If France gets great quantities of free coal from Germany, it means that French industry secures a marked advantage over British industry in the conversion of raw materials into finished products. It means that the British coal export trade will fall off. From the moment when the coal clauses of the Treaty were first proposed until the present day, there has been a constant divergence of views between Great Britain and France as to the amounts and prices for coal received by France from Germany. It has been England's constant effort -- and, from her point of view, an entirely proper effort -- to prevent France getting coal on a basis which would make it cheaper than British export coal. I surmise that the Spa arrangement under which France undertook to make a gold payment to Germany for German coal, was primarily due to British influence and to her desire to prevent France from getting German coal at a price much below that of British export coal.
However, coal may be accepted as one medium of direct reparation which may be taken by the Allies to the value of, say, $100,000,000 a year, for the next three or four years. Once, however, the French coal mines are reconstructed, it must be recognized that France's attitude toward German coal will be the same as the attitude of all the Allies toward German economic values which are directly competitive with their own industries.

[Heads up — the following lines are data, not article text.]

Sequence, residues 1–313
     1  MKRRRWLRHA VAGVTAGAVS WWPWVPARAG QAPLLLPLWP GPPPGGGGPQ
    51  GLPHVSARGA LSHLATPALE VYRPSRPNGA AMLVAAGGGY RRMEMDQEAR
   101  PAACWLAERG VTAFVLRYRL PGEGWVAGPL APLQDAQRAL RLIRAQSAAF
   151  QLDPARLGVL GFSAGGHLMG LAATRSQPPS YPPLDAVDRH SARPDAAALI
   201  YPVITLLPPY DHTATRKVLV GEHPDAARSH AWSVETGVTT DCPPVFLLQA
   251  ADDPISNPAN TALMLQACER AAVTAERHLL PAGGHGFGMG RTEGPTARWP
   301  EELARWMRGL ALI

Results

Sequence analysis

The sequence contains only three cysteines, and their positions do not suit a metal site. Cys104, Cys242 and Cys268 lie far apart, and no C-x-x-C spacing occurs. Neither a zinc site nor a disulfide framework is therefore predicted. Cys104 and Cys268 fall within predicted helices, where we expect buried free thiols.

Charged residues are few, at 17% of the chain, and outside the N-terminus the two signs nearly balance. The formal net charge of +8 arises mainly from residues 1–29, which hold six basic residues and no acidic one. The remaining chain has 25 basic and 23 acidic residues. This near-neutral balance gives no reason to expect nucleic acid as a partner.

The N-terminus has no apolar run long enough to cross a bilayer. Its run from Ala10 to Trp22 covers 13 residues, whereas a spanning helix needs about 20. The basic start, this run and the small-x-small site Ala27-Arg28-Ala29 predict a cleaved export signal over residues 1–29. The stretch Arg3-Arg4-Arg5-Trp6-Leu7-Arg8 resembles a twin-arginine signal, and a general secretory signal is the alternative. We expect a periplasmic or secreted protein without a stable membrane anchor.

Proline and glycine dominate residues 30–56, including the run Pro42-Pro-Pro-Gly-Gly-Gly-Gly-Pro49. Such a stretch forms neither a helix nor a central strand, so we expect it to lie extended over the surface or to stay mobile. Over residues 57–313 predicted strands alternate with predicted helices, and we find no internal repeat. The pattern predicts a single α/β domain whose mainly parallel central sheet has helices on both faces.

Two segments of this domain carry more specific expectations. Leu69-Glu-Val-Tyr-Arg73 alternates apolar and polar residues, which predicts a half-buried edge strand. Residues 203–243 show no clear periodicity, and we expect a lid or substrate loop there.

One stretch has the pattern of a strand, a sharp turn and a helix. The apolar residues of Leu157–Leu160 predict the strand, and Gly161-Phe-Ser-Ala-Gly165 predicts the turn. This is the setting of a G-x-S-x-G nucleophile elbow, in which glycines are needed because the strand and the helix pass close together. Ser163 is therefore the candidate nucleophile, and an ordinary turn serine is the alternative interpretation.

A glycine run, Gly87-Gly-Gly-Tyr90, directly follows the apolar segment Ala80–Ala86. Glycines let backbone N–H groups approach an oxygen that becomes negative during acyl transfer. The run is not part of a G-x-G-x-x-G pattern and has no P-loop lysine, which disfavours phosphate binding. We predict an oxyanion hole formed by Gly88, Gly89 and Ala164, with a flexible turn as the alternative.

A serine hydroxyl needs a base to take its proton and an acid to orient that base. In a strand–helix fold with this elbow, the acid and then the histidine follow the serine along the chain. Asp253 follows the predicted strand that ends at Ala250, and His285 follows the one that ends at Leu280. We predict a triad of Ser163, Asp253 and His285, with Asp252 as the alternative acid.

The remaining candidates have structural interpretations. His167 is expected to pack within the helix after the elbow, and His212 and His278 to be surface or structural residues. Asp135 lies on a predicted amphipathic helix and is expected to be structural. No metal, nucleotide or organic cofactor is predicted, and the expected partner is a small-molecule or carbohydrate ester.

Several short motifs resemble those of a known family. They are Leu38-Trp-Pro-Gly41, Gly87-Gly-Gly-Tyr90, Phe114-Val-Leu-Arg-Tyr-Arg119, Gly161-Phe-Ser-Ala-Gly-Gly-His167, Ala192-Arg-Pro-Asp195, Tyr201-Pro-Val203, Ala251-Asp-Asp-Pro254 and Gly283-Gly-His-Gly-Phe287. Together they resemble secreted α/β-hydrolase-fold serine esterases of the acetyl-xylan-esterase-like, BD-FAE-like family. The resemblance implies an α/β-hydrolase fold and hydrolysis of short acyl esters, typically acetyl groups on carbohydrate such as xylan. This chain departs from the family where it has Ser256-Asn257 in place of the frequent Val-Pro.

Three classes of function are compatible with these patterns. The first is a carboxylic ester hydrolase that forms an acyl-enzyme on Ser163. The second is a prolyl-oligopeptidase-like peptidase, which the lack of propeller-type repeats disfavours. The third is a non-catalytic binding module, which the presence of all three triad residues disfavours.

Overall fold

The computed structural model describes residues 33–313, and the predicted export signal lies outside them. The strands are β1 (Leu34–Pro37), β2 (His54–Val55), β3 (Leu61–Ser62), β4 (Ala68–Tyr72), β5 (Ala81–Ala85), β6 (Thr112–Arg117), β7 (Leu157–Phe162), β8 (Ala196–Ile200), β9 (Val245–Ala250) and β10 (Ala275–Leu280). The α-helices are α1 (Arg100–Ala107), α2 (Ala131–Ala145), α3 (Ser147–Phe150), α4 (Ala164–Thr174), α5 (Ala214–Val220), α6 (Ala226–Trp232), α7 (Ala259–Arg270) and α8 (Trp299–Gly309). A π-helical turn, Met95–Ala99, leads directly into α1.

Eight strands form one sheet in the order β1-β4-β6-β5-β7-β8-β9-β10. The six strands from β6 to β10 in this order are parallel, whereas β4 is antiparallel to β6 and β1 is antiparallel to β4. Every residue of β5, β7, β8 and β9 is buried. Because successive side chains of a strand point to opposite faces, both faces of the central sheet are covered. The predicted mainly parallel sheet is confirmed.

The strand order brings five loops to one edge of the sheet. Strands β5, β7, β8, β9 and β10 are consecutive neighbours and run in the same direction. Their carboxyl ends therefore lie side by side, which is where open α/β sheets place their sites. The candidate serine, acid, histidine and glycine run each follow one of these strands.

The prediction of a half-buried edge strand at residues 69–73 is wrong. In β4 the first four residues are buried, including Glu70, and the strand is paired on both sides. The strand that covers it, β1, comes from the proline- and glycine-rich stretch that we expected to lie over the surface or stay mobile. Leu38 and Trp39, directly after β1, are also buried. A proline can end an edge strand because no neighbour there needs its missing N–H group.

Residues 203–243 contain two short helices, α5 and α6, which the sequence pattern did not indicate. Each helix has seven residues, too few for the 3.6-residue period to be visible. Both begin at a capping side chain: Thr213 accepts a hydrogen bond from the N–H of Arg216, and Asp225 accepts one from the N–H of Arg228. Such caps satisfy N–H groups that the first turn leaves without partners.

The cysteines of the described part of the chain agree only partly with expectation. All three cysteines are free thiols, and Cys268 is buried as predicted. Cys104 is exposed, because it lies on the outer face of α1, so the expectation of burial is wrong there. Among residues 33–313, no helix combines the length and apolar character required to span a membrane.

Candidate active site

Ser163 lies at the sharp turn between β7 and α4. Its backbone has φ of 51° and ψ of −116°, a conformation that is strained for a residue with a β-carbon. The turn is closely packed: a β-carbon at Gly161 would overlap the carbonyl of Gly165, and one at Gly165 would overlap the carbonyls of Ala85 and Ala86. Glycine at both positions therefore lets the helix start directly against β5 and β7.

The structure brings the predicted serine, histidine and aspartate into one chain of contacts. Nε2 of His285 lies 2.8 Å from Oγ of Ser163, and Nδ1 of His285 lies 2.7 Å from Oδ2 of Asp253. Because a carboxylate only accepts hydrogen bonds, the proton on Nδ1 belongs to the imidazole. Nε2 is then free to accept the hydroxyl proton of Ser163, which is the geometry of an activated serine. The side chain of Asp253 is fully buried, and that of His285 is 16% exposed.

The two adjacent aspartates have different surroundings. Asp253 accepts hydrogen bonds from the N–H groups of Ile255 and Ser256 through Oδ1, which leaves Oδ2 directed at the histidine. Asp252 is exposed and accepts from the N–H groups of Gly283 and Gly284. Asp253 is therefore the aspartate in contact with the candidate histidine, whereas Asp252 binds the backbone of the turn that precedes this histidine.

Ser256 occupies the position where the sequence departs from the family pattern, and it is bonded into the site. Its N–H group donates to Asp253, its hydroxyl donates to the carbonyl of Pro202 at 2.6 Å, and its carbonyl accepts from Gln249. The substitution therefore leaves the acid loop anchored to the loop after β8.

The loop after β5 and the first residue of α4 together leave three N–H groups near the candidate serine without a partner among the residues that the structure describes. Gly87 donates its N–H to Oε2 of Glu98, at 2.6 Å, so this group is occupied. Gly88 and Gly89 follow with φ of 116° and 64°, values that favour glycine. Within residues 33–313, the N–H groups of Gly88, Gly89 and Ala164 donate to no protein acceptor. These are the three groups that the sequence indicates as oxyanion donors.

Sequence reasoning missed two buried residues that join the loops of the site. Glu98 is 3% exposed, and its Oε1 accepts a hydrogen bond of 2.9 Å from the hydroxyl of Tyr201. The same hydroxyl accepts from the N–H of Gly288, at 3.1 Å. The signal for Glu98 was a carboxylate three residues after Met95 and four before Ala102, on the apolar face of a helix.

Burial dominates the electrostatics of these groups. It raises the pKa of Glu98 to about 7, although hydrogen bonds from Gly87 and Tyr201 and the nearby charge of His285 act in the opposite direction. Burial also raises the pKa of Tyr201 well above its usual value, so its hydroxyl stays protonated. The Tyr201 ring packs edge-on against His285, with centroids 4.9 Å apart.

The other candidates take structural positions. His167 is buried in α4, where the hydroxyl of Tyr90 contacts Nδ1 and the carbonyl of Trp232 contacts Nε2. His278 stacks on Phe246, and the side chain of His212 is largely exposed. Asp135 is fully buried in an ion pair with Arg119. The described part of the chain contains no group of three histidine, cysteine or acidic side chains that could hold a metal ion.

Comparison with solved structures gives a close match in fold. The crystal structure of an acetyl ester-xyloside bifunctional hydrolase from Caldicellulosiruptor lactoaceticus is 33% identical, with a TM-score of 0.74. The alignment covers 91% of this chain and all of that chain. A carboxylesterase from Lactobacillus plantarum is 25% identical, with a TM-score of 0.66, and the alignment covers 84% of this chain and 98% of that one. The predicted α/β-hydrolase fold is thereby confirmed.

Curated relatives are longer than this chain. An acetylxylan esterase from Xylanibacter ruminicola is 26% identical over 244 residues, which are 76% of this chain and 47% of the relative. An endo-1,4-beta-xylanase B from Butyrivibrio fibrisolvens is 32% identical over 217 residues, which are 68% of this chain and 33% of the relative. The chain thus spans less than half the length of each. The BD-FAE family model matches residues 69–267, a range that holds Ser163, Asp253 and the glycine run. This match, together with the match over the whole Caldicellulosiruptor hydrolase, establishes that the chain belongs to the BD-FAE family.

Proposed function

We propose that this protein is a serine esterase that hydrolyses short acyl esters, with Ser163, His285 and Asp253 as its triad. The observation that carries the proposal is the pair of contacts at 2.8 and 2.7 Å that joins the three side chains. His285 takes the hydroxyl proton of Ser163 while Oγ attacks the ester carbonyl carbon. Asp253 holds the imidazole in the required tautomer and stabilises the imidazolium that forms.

Under the machinery and reconstruction material clauses of the Treaty, all of the Allies have had for nearly two years an option, within reasonable limits, on all such machinery and reconstruction supplies as Germany's great industries could produce. At the time when these clauses were being drawn, M. Loucheur, now Economic Minister in the Briand cabinet, stated frankly to me that these clauses were sought primarily for political effect. He stated that he was vigorously opposed to permitting Germany to supply the machinery and equipment to be reinstalled in the devastated regions. This, he said would be to give Germany a stranglehold on the economic life of northern France, as, once German machinery was installed, all replacements and spare parts would have to be supplied by Germany, and orders for enlargements and new installations would similarly go to Germany.